Australia will demand China to end its campaign of economic trade coercion and reopen ministerial trade talks as a prerequisite for starting negotiations on its bid to join the Comprehensive and Progressive Agreement for Trans-Pacific Partnership (CPTPP), a media report said on Friday.
Trade Minister Dan Tehan said that all CPTPP members would have to be confident that China could meet the agreement's high standards and its World Trade Organisation commitments. This meant that China's bans and restrictions on $20 billion worth of Australian exports over the last year would be seen as a breach of that agreement, Australian Financial Review reported on Friday.
"As we have conveyed to China, these are important matters which require ministerial engagement," Tehan said.
On Thursday, Chinese Commerce Minister Wang Wentao filed a written request for CPTPP accession with New Zealand's Minister for Trade and Export Growth Damien O'Connor, acting as CPTPP depositary, Global Times reported citing the Ministry of Commerce (MOFCOM) as saying in a statement.
CPTPP is a free trade agreement (FTA) between Australia, Brunei Darussalam, Canada, Chile, Japan, Malaysia, Mexico, Peru, New Zealand, Singapore and Vietnam. It was signed by these 11 countries in March 2018 in Santiago, Chile.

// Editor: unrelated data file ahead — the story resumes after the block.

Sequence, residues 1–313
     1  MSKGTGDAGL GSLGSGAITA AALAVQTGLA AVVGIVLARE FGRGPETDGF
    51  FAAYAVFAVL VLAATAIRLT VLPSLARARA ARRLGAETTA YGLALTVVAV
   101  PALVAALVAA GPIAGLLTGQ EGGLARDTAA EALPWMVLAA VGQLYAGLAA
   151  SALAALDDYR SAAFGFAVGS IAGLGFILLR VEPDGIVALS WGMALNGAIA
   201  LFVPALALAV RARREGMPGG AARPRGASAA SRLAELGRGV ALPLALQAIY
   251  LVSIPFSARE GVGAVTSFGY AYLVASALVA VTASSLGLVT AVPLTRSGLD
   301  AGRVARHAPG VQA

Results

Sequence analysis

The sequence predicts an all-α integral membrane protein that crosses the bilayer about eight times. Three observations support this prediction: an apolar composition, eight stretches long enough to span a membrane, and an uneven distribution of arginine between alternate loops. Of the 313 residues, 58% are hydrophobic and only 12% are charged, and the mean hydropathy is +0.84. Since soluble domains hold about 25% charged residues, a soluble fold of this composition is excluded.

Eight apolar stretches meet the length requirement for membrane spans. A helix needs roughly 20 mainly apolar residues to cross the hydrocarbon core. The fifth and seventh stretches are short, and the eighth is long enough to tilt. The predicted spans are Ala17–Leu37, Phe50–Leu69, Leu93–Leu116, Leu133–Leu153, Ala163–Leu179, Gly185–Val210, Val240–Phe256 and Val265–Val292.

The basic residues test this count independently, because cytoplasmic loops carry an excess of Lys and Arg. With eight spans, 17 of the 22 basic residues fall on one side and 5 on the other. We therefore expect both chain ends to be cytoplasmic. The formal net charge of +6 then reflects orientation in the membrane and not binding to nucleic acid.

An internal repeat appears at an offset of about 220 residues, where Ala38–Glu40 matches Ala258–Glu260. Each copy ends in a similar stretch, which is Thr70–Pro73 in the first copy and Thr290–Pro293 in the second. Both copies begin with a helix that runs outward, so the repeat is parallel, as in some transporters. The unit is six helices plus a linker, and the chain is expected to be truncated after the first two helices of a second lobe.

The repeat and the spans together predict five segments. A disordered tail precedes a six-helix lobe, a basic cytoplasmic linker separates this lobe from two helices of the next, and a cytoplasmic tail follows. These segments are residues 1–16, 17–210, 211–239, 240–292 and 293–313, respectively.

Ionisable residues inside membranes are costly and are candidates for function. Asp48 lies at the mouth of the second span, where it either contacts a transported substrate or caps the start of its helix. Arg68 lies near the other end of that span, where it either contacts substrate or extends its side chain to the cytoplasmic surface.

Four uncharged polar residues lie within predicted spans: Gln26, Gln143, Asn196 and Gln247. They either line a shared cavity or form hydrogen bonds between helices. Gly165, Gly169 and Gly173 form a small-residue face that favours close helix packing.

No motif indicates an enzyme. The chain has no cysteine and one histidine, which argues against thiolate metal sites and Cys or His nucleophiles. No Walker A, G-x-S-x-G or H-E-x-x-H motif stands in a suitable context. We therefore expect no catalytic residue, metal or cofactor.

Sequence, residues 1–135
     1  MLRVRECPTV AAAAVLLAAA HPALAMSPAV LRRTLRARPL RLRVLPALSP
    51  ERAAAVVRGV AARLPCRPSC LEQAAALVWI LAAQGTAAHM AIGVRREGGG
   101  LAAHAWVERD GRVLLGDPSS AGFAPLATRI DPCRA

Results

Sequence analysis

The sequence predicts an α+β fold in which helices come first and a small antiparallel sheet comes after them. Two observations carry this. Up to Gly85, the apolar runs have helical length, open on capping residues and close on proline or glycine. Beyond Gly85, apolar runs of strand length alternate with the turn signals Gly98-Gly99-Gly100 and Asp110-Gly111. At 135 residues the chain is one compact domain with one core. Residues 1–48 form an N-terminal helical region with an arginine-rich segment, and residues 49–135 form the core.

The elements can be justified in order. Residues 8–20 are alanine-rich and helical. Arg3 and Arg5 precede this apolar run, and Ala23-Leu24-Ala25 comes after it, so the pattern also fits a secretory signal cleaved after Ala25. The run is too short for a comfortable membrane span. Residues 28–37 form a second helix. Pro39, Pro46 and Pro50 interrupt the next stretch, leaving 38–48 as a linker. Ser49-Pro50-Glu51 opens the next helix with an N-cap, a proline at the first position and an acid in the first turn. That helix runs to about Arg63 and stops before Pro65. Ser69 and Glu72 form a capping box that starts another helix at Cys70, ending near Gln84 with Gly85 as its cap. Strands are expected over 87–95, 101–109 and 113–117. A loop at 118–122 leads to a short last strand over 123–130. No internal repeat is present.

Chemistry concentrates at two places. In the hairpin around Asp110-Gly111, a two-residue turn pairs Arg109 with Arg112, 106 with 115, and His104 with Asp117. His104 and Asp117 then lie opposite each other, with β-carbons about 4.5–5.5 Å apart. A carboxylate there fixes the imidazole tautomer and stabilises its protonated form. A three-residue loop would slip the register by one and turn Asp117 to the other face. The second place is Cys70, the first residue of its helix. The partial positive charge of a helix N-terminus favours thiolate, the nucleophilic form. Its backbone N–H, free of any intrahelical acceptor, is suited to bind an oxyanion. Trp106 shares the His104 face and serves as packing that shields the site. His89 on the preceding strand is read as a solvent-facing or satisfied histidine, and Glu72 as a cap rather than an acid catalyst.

Earlier, Beijing had been showing its interest in joining CPTPP. Multiple times the top leaders of the communist government had indicated to join the bloc.
Gao Feng, spokesperson for MOFCOM, said in February that Beijing had been actively conducting a study on matters related to joining the CPTPP and it's ready to strengthen technical exchanges with CPTPP members on relevant problems, Global Times reported.
In February, the UK formally requested accession to the Comprehensive and Progressive Agreement for Trans-Pacific Partnership (CPTPP), and in June, the CPTPP Commission agreed to formally commence accession negotiations with the UK. (ANI)